Climate change, the private sector and a demand for more
What role can the private sector play during the climate emergency and how can we make our environmental demands for the sector be heard?
Engagement with the private sector is pivotal in contemporary policies of climate change mitigation and adaptation – with businesses, from local traders to multinational corporations, all playing a part in reducing society’s emissions, the development and scaling of low carbon technologies, and the deployment of green infrastructure. The supply chains and products produced by private companies can have GHG emissions of similar magnitude to that of a country.
In the UK, many citizens are increasingly engaged with the climate crisis and make demands on the government to act. However, there is less consideration of how the private sector can be engaged with, both constructively and critically. The state remains the main actor to which green appeals are directed.
What we're doing
This project looks to move beyond activists glueing themselves to the doors of Shell’s headquarters and towards providing a collaborative space in which researchers, citizens and private actors themselves think creatively about the role of the private sector (in this case, aviation) in the climate emergency.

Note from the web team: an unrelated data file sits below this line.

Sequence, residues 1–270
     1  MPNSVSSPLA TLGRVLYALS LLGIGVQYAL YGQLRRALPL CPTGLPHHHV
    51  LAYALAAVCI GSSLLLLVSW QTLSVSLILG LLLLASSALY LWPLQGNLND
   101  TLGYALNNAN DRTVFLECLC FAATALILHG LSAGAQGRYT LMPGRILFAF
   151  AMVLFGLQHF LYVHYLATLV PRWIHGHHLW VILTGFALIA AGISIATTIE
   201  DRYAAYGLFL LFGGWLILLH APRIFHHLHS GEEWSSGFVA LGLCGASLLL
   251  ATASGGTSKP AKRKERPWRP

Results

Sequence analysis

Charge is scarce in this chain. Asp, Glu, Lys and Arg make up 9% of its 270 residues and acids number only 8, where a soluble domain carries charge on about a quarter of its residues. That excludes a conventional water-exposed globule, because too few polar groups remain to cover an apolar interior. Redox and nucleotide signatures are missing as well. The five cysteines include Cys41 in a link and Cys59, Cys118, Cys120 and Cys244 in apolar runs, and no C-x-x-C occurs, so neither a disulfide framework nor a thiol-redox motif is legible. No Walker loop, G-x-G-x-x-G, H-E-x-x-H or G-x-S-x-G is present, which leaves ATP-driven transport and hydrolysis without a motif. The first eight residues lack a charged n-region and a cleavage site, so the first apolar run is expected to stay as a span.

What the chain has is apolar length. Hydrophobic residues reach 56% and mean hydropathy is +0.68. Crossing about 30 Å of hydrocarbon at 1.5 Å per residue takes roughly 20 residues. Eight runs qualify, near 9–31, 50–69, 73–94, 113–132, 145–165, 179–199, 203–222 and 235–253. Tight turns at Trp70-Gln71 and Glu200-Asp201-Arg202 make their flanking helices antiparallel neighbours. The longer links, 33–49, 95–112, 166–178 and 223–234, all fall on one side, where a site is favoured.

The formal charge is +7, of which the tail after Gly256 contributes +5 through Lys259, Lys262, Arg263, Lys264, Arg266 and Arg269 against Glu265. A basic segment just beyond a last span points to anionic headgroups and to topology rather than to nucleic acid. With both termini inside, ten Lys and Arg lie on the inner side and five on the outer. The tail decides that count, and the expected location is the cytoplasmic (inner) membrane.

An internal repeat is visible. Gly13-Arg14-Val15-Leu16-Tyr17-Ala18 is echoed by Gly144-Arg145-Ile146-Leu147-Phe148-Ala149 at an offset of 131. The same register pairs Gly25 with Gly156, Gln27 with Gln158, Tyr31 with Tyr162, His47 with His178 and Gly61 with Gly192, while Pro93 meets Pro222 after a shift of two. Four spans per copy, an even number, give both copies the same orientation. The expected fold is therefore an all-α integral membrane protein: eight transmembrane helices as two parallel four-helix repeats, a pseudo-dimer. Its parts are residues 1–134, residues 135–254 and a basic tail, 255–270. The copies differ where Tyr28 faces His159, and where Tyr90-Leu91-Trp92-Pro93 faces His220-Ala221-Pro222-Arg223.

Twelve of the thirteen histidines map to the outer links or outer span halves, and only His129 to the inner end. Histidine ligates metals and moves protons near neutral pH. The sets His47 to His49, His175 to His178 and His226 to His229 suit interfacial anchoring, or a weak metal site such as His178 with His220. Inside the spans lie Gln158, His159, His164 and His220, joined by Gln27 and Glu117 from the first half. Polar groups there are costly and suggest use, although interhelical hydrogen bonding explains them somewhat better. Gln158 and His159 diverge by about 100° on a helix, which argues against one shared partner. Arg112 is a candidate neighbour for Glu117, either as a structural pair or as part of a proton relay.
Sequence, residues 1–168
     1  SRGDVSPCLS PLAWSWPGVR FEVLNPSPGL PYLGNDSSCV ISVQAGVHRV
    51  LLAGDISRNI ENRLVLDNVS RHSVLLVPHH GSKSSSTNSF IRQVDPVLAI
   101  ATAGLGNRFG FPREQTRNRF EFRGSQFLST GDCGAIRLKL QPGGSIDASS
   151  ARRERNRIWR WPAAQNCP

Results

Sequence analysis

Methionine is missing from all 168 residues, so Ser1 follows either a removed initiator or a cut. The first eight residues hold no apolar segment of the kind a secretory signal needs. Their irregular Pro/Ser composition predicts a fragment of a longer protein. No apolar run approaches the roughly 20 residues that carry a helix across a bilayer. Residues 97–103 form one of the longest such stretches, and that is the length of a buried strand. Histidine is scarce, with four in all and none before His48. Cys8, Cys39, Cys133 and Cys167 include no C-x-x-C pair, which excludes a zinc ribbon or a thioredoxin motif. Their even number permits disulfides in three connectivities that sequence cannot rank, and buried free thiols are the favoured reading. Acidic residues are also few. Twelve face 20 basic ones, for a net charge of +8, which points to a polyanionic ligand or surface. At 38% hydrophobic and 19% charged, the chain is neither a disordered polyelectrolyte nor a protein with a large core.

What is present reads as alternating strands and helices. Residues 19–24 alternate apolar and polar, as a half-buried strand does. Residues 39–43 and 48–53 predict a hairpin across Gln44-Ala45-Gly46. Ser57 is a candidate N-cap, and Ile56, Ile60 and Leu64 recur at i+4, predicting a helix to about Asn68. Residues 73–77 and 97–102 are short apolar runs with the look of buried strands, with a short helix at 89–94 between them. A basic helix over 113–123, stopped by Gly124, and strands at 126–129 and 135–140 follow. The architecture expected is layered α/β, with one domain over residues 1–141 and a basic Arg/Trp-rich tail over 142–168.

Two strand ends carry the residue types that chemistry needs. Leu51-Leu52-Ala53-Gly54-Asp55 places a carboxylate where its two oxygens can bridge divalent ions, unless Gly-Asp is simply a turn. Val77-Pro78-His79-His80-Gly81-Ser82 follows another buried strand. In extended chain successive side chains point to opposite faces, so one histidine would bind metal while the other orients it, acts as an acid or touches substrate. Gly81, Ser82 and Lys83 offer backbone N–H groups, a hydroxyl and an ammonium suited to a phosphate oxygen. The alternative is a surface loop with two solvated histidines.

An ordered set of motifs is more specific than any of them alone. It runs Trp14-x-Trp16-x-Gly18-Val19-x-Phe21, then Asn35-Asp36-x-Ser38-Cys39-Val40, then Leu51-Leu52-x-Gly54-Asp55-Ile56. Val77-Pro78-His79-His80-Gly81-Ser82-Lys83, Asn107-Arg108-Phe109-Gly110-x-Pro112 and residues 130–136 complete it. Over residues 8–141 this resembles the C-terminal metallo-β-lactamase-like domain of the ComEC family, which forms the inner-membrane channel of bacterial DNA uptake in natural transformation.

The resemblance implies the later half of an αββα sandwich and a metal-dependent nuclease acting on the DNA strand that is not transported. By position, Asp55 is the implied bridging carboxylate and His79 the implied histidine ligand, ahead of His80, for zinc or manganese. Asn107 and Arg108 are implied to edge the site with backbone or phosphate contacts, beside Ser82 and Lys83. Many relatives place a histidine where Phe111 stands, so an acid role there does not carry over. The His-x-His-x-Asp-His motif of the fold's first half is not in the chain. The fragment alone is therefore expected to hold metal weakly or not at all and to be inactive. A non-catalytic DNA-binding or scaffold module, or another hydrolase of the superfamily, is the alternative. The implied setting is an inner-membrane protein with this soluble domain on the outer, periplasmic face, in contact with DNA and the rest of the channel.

We will hold three workshops (one researcher-led, one citizen-led and one enterprise-led) that explore the question of: in the face of climate crisis, what should be demanded of the aviation sector, and how? Within these workshops, different policy options will be discussed, appraised and tailored – all dependent on the grievances, wishes and demands of those present.
How it helps
These workshops will help develop an interdisciplinary, co-productive approach, in which Bristolians can voice their demands of the private sector – and for such calls to be heard.
Lead researcher profile
Dr Ed Atkins, environmental and energy policy, politics and governance
Related research centres
- Extinction Rebellion
- Bristol Green Capital Partnership
- Aviation sector